A federal advisory group to the Centers for Disease Control and Prevention has called for a lower limit to be set for lead poisoning in children, after finding that children could be harmed by lead levels lower than the current limit.
The Advisory Committee on Childhood Lead Poisoning Prevention of the CDC, reported Wednesday that the strategy of preventing lead poisoning should take greater precedence than it currently does, the Associated Press reports. The advisory group noted health effects at levels between 5 and 10 micrograms/dL, including cognitive dysfunction as well as cardiovascular and endocrine effects. The suggested limit would almost double the number of U.S. children diagnosed with lead poisoning.
According to the CDC, about 250,000 children in the U.S. between the ages of one and five years old, have blood lead levels greater than 10 micrograms of lead per deciliter of blood, the level at which CDC recommends public health actions be initiated. The lower limit would put that figure at approximately 450,000.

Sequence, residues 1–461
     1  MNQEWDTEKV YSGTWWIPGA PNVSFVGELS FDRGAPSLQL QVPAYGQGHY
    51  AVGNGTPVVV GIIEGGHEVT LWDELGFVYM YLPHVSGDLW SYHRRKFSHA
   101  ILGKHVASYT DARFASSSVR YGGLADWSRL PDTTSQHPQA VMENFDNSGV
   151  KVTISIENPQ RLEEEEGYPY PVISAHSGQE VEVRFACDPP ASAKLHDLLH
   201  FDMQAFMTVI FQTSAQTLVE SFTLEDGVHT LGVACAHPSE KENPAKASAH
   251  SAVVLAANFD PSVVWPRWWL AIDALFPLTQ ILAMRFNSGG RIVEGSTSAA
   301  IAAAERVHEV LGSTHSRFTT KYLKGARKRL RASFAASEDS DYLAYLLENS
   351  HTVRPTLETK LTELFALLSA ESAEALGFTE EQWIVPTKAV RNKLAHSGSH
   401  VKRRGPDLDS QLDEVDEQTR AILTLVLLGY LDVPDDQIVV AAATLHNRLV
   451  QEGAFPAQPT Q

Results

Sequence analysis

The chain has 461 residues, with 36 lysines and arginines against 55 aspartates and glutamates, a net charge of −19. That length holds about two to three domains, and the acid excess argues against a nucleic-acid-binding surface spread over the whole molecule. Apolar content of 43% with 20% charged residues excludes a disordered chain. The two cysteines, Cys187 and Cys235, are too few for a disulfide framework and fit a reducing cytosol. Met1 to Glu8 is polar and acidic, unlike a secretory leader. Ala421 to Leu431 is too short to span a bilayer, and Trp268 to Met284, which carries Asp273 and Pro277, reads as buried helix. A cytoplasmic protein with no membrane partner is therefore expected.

"The science has been indicating for some time that there may be no safe limit of lead for children—who are more vulnerable to it's toxicity," said Urvashi Rangan, Director of Consumer Safety and Sustainability at Consumer Reports. "A lower lead tolerance for children makes total sense."
The CDC has yet to weigh in on the federal advisory group's recommendations.